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Intel Wireless Display (WiDi): Another Cable Killer Hits Its Stride

Intel Wireless Display (WiDi): Another Cable Killer Hits Its Stride
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Sometimes first impressions can make or break a relationship. Imagine: Salesman Jim walks into a client meeting, ready to make the PowerPoint pitch of his year. In years past, he might have strolled in carrying a Coach or Gucci briefcase. Now, the supple leather and brass fittings have been replaced by brushed aluminum and the razor-thin profile of the highest-end Ultrabook. Jim doesn’t need a power cable; he has at least five hours of battery runtime. What he does need is a way to connect to his client’s meeting room projector. Of course, he could pack in an HDMI cable or, even worse, a DVI or VGA cable. But that means clutter and a “prior-gen” look that could torpedo Jim’s goal. A far better course would be to connect with the projector wirelessly, and that means using Intel Wireless Display, or WiDi.

In the fall of 2009, the Wi-Fi Alliance announced that it was “nearing completion of a new specification to enable Wi-Fi devices to connect to one another without joining a traditional home, office, or hotspot network.” Those acquainted with Wi-Fi might recognize that this sounds a lot like ad-hoc mode, the little-used, point-to-point protocol within Wi-Fi most people overlook due to the popularity of infrastructure mode, which requires client connection to a central access point. However, ad-hoc never gained much traction owing to a few key shortcomings that the new specification, dubbed Wi-Fi Direct, remedied.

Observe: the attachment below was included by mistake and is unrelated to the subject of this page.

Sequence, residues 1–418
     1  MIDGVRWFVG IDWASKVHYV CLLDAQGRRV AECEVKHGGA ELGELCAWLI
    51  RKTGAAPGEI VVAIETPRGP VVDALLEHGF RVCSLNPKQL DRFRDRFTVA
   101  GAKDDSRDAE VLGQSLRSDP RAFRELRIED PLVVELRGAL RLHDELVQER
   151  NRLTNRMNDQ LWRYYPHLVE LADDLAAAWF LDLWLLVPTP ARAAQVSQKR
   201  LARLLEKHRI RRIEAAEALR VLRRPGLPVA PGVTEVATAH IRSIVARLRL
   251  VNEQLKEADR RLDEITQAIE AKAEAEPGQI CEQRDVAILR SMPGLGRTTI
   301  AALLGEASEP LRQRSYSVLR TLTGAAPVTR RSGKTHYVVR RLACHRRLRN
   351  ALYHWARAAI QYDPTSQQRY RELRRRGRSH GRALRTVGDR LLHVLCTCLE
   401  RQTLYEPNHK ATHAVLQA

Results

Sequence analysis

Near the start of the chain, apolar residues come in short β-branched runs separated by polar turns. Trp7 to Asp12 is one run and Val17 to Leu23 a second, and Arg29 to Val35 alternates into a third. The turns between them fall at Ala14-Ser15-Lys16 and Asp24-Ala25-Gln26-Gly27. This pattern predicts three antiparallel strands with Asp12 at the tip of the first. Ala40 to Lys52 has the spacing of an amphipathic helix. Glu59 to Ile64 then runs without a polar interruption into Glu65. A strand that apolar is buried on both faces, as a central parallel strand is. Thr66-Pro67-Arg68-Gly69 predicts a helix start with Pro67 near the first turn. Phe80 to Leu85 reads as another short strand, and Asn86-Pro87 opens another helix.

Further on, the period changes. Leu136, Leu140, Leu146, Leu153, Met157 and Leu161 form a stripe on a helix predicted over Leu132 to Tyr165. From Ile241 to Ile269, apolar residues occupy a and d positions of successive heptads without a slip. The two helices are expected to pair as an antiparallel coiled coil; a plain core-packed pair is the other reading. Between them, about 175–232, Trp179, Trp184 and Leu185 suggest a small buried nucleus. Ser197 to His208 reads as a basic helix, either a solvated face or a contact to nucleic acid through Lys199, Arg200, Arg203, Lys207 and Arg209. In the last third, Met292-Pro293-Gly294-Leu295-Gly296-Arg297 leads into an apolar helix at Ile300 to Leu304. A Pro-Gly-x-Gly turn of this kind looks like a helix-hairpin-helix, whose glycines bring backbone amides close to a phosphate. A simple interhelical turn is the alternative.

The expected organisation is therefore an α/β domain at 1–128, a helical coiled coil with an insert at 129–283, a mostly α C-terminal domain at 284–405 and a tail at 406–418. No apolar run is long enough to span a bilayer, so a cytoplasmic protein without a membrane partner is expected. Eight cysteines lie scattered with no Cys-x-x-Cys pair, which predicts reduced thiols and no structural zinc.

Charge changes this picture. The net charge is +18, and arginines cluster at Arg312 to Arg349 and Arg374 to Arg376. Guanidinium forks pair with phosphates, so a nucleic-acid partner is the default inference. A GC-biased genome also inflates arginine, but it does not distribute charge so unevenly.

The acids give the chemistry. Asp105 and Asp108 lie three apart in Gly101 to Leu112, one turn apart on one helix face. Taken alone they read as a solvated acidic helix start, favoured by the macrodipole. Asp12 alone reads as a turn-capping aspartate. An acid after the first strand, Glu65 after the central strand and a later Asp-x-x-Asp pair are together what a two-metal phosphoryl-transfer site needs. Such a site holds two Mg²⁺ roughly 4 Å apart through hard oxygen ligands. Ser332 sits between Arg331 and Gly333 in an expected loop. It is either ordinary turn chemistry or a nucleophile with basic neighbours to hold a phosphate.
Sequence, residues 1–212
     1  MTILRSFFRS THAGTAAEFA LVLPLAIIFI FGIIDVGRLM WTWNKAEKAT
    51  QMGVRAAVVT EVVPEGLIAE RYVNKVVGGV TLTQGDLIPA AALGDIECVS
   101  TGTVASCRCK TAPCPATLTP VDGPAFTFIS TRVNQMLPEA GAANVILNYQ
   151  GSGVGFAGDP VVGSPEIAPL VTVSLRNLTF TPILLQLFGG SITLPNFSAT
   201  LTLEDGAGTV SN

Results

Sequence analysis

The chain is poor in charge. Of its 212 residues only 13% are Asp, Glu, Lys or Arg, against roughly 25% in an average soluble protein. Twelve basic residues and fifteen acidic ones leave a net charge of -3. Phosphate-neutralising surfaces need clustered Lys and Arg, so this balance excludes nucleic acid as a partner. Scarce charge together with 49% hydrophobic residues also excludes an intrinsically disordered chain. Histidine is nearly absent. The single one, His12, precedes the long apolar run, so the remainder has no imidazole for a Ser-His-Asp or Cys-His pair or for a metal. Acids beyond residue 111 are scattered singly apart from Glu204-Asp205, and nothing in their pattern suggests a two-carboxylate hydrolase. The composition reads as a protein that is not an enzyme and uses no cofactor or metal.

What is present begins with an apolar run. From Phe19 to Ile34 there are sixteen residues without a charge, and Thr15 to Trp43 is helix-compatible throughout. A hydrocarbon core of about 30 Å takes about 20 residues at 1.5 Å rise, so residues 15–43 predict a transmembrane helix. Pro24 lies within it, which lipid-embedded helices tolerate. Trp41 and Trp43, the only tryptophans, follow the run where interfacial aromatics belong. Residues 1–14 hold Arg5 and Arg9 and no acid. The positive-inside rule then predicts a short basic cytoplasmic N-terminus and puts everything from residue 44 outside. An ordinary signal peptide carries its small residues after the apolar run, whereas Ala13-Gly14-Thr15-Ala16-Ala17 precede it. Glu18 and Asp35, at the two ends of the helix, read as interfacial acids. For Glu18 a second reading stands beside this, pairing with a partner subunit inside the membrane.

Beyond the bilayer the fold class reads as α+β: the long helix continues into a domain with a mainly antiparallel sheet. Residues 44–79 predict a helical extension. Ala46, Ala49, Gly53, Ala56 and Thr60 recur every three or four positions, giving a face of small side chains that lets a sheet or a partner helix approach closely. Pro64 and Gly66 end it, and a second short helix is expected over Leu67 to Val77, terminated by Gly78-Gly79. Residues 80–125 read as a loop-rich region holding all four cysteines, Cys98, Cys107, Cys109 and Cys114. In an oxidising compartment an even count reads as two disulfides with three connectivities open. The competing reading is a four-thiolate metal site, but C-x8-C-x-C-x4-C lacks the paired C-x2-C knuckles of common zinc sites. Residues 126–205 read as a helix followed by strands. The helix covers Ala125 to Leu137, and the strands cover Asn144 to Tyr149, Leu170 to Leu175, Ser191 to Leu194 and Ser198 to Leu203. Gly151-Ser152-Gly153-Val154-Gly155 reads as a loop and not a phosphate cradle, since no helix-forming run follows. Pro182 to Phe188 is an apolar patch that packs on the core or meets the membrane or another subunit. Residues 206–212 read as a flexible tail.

Originally called Wi-Fi P2P, Wi-Fi Direct integrates security into its basic operation. Whereas an encrypted connection was optional with ad-hoc Wi-Fi, Wi-Fi Direct integrates WPA2, just like most current-gen access points. More importantly, Wi-Fi Direct makes establishing secure point-to-point connections between devices much more simple and automated than was possible under conventional ad-hoc Wi-Fi. Because each Wi-Fi Direct device embeds firmware able to make the device function as a “soft access point,” each device also includes a version of Wi-Fi Protected Setup, allowing nodes to securely associate with only a button push or a PIN. Consider the potential complexities of wirelessly connecting a notebook to a wireless-enabled kitchen appliance or a smartphone to a wireless printer without some dedicated app to glue them together. Wi-Fi Direct addresses these complexities behind the scenes, leaving users with a quick, easy connection process. Note that not all devices in a Wi-Fi Direct network need to be Wi-Fi Direct-compliant.

William Van Winkle has been a full-time tech writer and author since 1998. He specializes in a wide range of coverage areas, including unified communications, virtualization, Cloud Computing, storage solutions and more. William lives in Hillsboro, Oregon with his wife and 2.4 kids, and—when not scrambling to meet article deadlines—he enjoys reading, travel, and writing fiction.

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